Now I don’t know how long it was until U2 took the stage, as I was still in afterglow, but when they did it was to a gigantic roar from the crowd as Bono popped out of his hyperbaric carbon neutral windmill powered pod and went right into “Breathe”.  Then he sang another song from an album I didn’t really care for.  Then The Edge walked around the outer circle thingy.  Then they played one from an album that was ok.  Then Bono walked across a moving bridge thingy.  Then they played “I Still Haven’t Found What I’m Looking For” and briefly went into a cover of “Stand By Me”.  Now you’re talking.  Then another song from the new album. Meh.  I’m pretty sure I lost my hard-on completely when Bono quipped something about how we should love the stage contraption since we paid for it.  In all fairness, though, the vast majority of people were really into the show, and I think that if I hadn’t just seen one of my favorite bands kill it I could have been more into it.  But I wasn’t, so we headed out for a location where we could get 3 vodka drinks for the price of one horrible stadium beer.

If you haven’t heard Muse, check them out in all their 70’s rock-influenced goodness.  You can also see some pictures from the show here but I didn’t have the good camera, so hopefully they’ll be better from the next show!

Muse- Time is Running Out
Muse- Uprising


I have been a huge Elbow fan for years but had never been able to get to one of their shows, so when I saw that they would be opening for Coldplay I thought 2 things: hooray for finally getting to see this band that I love, and boo for having to see them as an opener for Coldplay.  Then they announced that they were going to do a small handful of headlining shows in the US, the closest one to me being in Atlanta, and I was ecstatic.  I bought my $20 tickets, booked a hotel room and started counting the days until the show.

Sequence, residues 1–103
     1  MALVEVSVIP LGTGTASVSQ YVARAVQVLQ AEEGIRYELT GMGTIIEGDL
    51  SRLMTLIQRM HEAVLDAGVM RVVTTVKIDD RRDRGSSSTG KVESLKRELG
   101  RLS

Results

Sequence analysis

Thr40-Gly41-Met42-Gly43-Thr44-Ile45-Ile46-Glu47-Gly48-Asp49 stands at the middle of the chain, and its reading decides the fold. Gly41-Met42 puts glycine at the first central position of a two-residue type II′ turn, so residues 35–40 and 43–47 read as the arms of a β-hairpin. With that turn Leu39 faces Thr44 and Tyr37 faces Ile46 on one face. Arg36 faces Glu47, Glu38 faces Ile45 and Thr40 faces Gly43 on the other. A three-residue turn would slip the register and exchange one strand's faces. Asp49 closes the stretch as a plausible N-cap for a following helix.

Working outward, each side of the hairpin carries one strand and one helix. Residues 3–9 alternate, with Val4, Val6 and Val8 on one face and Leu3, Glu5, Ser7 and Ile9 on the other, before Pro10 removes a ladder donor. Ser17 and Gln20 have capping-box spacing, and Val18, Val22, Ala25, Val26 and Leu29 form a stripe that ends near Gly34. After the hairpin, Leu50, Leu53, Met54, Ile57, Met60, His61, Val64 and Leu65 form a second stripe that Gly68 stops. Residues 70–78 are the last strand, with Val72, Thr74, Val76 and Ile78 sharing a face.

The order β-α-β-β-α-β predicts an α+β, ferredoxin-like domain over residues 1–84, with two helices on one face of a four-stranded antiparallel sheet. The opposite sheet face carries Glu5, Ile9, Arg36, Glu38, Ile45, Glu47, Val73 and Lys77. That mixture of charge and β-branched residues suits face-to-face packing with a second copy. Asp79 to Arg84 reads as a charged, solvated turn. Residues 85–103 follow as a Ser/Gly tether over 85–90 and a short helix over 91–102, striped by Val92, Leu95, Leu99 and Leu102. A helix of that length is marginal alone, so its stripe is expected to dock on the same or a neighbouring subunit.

Suddenly 4 months had passed and we were driving past the venue looking for a parking space, eyeballing at the line of people leading from the doors of the Center Stage theater as it stretched down the street to the corner and starting to make a right angle down the block.  We were there 30 minutes before doors and there had to already be 50+ people there ahead of us, so I resigned myself right there to the fact that I was never going to get anywhere near the stage.  When the doors finally opened and we got inside the venue, I was amazed that there was hardly anyone down on the floor in front of the stage, instead people had gone the seats.  Their laziness was my gain and I took my place up at the front.  Killing time (and vodka) before the show, I chatted with the people around me.  Turns out I was not only not the only one to have traveled to the show, I had not even remotely traveled the farthest as I ended up striking up a conversation with someone from Portland who had seen them all over the country.  “See?” I told my boyfriend, “I’m not crazy.”  He simply countered that I was just not the craziEST.  Fair enough.